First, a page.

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Critical Politics of Teachers' Work

An Australian Perspective

John Smyth

This book is about the damage that has been systematically inflicted upon teachers’ work globally over the past two or more decades. It chronicles and traces the major policy maneuvers in what can only be described as «difficult times». The effects are not hard to see in the language of the new technologies of power: competencies, vocationalization of the curriculum, appraisal, testing, accountability, restructuring, enterprise culture, and self-management, as well as through the cooption of progressive categories like collegiality, teacher development, and other reflective approaches to teaching. While these discourses mark out the oppressive contours of teaching there still exists considerable space to imagine and live out alternative discourses and practices. The way out of the miasma, it is argued, is to robustly confront and vigorously supplant dominant managerialist discourses with agenda and practices that are more democratic, educative, and socially just.
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‘Dropping Out’, Drifting Off, Being Excluded

Becoming Somebody Without School

John Smyth and Robert Hattam

This book deals with one of the most urgent, damaging, and complex issues affecting young lives and contemporary society in general – the escalating high school dropout rate. Though against the wishes of teachers and school administrators, young people’s decision to leave school is usually made under circumstances that provide little time or space for discussion. This book provides a disturbing account of how students’ voices are over-ridden – lost in the imposition of curriculum and the rush to impose testing, accountability, and management regimes on schools. ‘Dropping Out’, Drifting Off, Being Excluded reveals the complex stories that surround identity formation in young lives and the «interactive trouble» as young people struggle to be heard within inhospitable schools and an equally unhelpful education system.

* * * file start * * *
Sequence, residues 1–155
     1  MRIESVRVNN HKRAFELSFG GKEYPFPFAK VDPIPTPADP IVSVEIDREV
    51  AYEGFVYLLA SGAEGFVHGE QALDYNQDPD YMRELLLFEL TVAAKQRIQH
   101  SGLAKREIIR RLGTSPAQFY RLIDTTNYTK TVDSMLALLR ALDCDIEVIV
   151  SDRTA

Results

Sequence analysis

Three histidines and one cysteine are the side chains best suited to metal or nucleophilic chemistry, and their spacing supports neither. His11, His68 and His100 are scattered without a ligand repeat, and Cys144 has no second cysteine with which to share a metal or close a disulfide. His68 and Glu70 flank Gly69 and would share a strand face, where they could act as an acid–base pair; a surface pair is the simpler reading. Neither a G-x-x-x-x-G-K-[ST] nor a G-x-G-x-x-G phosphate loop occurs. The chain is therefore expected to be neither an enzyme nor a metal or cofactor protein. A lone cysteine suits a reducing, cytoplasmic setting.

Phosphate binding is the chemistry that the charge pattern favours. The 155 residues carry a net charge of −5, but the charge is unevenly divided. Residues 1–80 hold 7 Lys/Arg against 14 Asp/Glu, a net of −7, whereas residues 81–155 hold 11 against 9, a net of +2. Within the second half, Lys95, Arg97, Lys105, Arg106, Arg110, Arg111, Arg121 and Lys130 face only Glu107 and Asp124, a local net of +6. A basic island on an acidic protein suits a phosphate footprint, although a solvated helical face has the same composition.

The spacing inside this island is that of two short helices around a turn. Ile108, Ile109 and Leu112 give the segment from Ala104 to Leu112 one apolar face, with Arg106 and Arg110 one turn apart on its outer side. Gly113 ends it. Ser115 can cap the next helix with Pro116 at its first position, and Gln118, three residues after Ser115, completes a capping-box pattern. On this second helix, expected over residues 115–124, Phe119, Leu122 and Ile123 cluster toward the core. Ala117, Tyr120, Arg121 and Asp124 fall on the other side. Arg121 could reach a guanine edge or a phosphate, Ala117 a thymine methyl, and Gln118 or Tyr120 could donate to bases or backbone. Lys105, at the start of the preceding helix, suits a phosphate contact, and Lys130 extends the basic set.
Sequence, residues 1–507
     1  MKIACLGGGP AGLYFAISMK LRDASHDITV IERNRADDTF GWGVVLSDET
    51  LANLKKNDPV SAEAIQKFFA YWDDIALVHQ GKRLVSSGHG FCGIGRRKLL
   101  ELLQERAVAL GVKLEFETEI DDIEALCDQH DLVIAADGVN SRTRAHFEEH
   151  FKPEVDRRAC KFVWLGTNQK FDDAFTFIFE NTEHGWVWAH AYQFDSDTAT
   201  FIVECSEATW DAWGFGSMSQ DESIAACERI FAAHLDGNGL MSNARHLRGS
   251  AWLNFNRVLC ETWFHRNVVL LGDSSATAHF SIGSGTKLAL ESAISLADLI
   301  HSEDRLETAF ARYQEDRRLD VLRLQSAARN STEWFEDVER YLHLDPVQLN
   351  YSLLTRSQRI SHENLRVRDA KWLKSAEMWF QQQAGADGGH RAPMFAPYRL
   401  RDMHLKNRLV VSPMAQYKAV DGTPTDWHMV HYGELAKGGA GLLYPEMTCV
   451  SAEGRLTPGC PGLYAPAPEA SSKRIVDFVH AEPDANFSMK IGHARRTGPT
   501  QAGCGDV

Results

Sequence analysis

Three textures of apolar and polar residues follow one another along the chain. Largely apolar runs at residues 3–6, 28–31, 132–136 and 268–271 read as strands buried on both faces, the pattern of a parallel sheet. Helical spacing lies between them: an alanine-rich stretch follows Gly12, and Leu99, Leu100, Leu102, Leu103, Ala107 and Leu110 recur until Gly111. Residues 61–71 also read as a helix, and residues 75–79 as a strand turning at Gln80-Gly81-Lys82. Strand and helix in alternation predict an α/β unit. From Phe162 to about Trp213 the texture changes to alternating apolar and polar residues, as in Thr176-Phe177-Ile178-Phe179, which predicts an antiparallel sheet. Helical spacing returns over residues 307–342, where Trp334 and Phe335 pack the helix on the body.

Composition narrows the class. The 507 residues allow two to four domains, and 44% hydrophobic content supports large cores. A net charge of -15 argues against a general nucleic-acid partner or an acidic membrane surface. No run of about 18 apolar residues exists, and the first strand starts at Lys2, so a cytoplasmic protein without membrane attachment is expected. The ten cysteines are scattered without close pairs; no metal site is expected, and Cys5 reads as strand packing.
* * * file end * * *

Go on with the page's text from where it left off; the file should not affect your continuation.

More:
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From Silent Witnesses to Active Agents

Student Voice in Re-engaging with Learning